Should cataract extraction by phacoemulsification be considered a therapeutic option for patients with coexisting cataract and glaucoma? The study by Slabaugh and colleagues provides enlightening information related to this question, which may make clinicians less sanguine about recommending phacoemulsification alone in their patients with open-angle glaucoma. In their patients with medically controlled open-angle glaucoma at 1 year after phacoemulsification surgery, 38% had worsening intraocular pressure control, including 24% who needed additional medications or laser treatments. In contrast, at 1 year after treatment of 801 patients with open-angle glaucoma or ocular hypertension by topical prostaglandin therapy, 9% of subjects were nonresponders, with less than 3 mm Hg reduction of intraocular pressure. In patients with open-angle glaucoma, 18% of patients required treatment with 1 additional medication at 1 year after selective laser trabeculoplasty, whereas less than 5% of patients in the Advanced Glaucoma Intervention Study (AGIS) trial met criteria for failure at 1 year after trabeculectomy as the first, second or third intervention. By this comparison, phacoemulsification cataract surgery appears to be less effective than conventional medical, laser or incisional surgical therapy for treatment of open-angle glaucoma.

When considering cataract surgery as “therapy” for glaucoma, the magnitude of the effect and the duration of the effect are considerations. Evidence-based analysis has shown an estimated 2 to 4 mm Hg reduction of intraocular pressure after cataract surgery alone, but strong evidence for sustained long-term pressure control was found only in patients who were treated with combined cataract extraction and trabeculectomy. Previous studies have shown that the reduction of intraocular pressure is greatest at 1 year after cataract surgery, and thereafter the intraocular pressure tends to return to baseline levels over several years. Interpretation of these results has varied, with 1 study suggesting that phacoemulsification may help to prevent and treat glaucoma, and another evidence-based review concluding that there is no strong evidence to suggest that lens extraction represents a clinically useful treatment for primary open-angle glaucoma.

For many years, patients with cataract and advanced glaucomatous optic nerve damage or visual field loss have been considered candidates for combined surgery rather than cataract surgery alone. The concept has been that patients with advanced glaucoma may be at risk for further damage with marked elevation of the intraocular pressure during the perioperative or the late postoperative period. An evidence-based review in 2002 found insufficient evidence to determine the short-term impact of phacoemulsification on intraocular pressure in glaucoma patients. A more recent study of 310 eyes found intraocular pressure greater than 30 mm Hg on the first postoperative day in 8.1% of normal eyes and 15.6% of eyes with glaucoma. When evaluating patients with advanced glaucoma damage, surgeons may be encouraged to recommend cataract surgery alone over combined cataract surgery and trabeculectomy if they perceive cataract surgery to be safe and to have a low likelihood of transient or sustained elevation of intraocular pressure. The choice of combined vs cataract surgery alone is controversial for patients with advanced glaucoma, but the study by Slabaugh and colleagues did not report intraocular pressure measurements during the perioperative period and does not guide clinicians with new information concerning this debate.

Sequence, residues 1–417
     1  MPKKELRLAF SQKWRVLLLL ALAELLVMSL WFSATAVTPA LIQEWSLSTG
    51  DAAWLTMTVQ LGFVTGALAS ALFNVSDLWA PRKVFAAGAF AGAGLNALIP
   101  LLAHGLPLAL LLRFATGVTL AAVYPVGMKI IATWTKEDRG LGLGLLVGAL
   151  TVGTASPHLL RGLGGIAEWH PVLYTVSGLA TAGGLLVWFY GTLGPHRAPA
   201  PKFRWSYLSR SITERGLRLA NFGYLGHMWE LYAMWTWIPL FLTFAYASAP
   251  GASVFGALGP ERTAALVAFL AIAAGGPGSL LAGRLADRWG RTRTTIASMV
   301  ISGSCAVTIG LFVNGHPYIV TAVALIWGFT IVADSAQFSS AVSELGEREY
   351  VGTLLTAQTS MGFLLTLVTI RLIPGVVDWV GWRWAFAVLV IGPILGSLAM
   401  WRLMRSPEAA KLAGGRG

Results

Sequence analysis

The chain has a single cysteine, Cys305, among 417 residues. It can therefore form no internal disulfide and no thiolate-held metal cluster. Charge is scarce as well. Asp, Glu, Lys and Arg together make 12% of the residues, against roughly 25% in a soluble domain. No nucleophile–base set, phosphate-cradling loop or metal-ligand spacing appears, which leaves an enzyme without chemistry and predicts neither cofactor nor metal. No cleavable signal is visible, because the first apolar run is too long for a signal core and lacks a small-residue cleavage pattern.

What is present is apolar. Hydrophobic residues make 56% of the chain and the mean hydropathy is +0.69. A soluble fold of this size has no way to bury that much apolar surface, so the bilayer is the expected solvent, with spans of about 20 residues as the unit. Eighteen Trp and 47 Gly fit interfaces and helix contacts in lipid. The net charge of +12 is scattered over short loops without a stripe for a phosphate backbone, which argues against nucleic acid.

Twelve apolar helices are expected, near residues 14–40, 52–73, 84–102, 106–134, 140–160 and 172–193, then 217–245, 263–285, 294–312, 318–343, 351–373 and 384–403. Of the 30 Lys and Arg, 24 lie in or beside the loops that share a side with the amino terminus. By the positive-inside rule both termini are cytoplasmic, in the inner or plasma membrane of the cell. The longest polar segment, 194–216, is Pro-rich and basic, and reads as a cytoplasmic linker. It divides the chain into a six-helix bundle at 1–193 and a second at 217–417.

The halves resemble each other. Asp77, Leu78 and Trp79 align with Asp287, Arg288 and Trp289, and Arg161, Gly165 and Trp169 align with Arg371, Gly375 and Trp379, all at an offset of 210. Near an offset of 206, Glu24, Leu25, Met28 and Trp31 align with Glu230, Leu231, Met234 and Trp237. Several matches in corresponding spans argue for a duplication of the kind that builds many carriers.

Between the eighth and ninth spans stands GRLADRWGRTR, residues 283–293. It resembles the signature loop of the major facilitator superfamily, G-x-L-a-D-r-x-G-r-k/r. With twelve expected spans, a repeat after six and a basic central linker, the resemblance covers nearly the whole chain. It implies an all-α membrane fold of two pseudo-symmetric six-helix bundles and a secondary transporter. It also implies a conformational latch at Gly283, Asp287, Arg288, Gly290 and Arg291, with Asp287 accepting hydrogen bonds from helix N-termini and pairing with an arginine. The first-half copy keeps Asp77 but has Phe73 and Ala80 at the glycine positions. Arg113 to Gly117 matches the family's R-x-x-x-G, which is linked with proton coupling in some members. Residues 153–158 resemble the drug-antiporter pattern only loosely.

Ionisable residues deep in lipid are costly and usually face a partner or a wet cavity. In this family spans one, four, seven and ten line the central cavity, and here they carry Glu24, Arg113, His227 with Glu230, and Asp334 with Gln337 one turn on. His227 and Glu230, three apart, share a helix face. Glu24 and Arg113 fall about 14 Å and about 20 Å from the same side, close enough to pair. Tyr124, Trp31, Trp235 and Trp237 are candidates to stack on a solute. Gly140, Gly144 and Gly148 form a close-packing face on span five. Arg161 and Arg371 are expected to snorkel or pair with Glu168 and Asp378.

Congratulations to Dr. Slabaugh and colleagues for providing new evidence about the modest reduction of intraocular pressure after phacoemulsification cataract surgery in medically-controlled open-angle glaucoma patients. Their study provides useful information to help interpret the variability of reduction of intraocular pressure that has been documented in previous studies of patients with coexisting cataract and glaucoma who have been treated with phacoemulsification cataract extraction. Also, clinicians will be interested in their results as they contemplate the therapeutic benefit or lack thereof after phacoemulsification cataract surgery in their patients with glaucoma.

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Jan 9, 2017 | Posted by in OPHTHALMOLOGY | Comments Off on Cataract Surgery in Glaucoma Patients: How Much Benefit?